I specialise in French to English translation and offer both business and literary translation services.
Translations can either prioritise linguistic equivalence or cultural equivalence, or aim for a mix of both. Linguistic Equivalence prioritises loyalty to the language a text is being translated from (called the ‘source language’ in translation lingo) and tries to remain as close to the source text as possible. Cultural Equivalence prioritises emotional and cultural resonance in the language a text is being translated into (generally referred to as the ‘target language’).
A good little example to illustrate the difference between linguistic and cultural equivalence is how tricky it can be to translate idioms.
For instance, if I have a tickly throat, when I’m speaking in French I will say: « J’ai un chat dans la gorge ». A linguistically equivalent translation is ‘I have a cat in my throat,’. Of course, if I said that in English, people would give me strange looks. The culturally equivalent translation would be to say ‘I have a frog in my throat,’.
The style of translation you opt for will have a significant impact on your reader’s engagement with your text. Below, I’ve translated the same short text into two separate translations: a linguistically equivalent one, and a culturally equivalent one, so you can experience the differences first-hand.
In a general manner, Patrimoine is an ensemble, or artefact, which has been wholly or partly inherited from the past, and which can be constituted of both material and/or immaterial objects, or both private property and communal land, and which we might wish to preserve, sell, exchange, value, or maintain for future generations.
Unesco proposes the following definition:
« Patrimoine is our heritage of the past which we profit from and enjoy today and which we will transmit to generations to come. Our cultural and historical patrimoines are two « irreplacable sources of life and inspiration. » (UNESCO, 2008). It notably includes « œuvres which have an exciptional universal value from the point of view of history, art, or science » (monuments or artefacts) or from «aesthetic, ethnologic, or anthrpologic points of view ».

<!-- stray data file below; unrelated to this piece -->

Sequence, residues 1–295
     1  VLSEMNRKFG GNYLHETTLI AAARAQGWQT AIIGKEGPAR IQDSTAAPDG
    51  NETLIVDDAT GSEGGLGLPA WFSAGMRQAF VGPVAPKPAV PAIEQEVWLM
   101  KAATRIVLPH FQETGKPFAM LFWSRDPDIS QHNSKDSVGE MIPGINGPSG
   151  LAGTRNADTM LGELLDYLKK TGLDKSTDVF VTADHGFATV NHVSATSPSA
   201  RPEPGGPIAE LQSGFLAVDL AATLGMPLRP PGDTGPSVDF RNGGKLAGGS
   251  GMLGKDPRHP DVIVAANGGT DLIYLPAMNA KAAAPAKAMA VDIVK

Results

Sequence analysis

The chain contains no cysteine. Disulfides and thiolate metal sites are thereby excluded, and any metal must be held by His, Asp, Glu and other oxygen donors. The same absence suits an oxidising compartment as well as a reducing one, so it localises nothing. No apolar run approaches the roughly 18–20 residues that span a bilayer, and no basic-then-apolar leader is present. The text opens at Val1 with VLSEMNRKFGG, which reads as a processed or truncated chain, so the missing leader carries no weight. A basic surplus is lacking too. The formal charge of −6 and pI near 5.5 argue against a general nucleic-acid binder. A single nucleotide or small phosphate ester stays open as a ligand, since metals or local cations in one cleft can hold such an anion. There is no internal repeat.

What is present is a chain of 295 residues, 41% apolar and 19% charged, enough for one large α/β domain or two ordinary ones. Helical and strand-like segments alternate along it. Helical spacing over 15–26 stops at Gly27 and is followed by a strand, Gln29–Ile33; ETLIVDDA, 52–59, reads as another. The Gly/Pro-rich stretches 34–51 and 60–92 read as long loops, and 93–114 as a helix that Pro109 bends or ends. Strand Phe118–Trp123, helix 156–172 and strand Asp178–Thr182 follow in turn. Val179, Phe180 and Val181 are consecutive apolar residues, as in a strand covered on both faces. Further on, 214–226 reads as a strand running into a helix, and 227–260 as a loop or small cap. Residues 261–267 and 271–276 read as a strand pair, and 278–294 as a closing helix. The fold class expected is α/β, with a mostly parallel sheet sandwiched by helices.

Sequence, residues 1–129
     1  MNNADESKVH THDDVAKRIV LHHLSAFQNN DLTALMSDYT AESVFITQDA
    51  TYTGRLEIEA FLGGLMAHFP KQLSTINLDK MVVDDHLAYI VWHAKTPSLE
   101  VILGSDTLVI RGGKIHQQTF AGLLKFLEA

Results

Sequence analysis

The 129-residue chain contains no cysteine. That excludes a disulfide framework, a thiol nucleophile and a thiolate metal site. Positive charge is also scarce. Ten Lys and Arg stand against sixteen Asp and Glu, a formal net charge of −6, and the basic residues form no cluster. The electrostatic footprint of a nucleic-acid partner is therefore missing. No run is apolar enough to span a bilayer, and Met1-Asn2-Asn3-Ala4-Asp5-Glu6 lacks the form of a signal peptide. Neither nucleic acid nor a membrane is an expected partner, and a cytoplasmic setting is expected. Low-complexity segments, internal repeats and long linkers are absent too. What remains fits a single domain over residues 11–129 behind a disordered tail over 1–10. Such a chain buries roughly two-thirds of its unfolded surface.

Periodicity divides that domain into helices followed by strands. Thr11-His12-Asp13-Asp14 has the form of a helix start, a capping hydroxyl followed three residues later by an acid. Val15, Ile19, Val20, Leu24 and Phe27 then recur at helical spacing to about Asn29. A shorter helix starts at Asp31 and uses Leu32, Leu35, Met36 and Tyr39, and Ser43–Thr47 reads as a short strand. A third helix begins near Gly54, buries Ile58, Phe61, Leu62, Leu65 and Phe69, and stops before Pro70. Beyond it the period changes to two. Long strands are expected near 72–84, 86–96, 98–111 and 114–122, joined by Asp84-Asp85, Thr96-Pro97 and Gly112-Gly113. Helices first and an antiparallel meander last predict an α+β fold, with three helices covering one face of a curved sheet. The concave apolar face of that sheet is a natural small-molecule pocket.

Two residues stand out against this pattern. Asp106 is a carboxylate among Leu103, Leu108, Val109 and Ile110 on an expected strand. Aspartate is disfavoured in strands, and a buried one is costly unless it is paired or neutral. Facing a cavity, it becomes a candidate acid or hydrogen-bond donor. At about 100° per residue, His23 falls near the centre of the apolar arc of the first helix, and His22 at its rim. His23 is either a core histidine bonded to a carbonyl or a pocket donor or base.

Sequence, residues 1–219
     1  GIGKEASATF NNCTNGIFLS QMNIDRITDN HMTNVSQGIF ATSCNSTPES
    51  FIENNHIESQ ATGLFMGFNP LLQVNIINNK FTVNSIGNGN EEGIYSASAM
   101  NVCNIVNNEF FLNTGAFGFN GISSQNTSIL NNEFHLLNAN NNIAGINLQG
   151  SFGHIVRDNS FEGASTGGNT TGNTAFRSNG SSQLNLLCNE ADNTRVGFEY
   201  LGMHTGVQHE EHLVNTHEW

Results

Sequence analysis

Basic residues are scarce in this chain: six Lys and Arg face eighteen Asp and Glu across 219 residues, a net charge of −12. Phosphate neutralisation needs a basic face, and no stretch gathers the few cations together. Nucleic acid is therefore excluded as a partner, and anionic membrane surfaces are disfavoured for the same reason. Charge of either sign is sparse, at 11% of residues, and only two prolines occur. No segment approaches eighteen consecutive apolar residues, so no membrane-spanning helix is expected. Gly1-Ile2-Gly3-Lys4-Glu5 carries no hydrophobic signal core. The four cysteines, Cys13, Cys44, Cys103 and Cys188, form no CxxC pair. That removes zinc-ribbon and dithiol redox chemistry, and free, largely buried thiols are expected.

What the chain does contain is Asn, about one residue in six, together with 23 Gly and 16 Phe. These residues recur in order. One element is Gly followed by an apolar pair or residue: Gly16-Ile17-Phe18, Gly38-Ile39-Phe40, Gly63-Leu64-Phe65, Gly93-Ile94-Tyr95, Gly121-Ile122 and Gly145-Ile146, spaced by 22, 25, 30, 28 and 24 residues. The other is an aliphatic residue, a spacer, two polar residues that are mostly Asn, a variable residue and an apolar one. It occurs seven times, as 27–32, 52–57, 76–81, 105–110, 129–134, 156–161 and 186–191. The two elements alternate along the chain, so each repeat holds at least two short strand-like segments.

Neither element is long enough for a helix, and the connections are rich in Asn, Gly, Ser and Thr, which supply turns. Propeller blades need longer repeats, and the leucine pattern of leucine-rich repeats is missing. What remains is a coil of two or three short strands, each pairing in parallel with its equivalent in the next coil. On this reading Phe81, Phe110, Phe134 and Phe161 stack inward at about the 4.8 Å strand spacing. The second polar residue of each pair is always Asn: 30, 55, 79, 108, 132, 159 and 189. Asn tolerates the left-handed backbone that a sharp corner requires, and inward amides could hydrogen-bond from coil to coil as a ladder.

This definition distinguishes two types of value :
A value of historical heritage which we profit from and enjoy (use vaule), the «irreplacable sources of life and inspiration. »
Values to transmit to « future generations », a notion which evokes the discourse of maintnability.
There are therefore multiple types of patrimoines:
Pros: The translation feels authentic and gives the reader the sense of the original text’s source culture and language. Ideal for the translations of short stories, poems, and interviews/monologues where maintaining the ‘feel’ of the original language/culture or the identity of the speaker is important.
Cons: Translations can feel clunky and archaic.
Pros: Translation does not sound like a translation, but rather seems entirely naturalistic. Ideal for copywriting, content writing, longer novels, journalistic, and academic writing.
Cons: Can lose some of the uniqueness of the original text, usually departs from the original text more fully.
Broadly speaking, patrimony refers to that which is deemed to be of significant cultural or historical value. Also referred to as heritage, patrimony can designate both material or immaterial artefacts, and both private or public land. UNESCO defines patrimony as ‘artefacts we have inherited from the past and will transmit to future generations. Cultural and natural heritage are two irreplaceable sources of life, and provide us with countless sources of inspiration,’ (UNESCO, 2008). UNESCO’s definition highlights ‘works which have exceptional historical, artistic, scientific, and/or universal value,’ from either ‘aesthetic, ethnologic or anthropologic perspectives,’.
UNESCO’s definition identifies two different kinds of value:
historical value: irreplaceable sources of heritage which we currently use or benefit from today.
future value: irreplaceable sources of heritage which we will transmit to, or maintain for, future generations.
Patrimony can be broken down into the following categories:
Evolutionary, Biological and Medical heritage
Natural and Geographic heritage
Click here for the source text. Used with permission under CC BY-SA 3.0 license.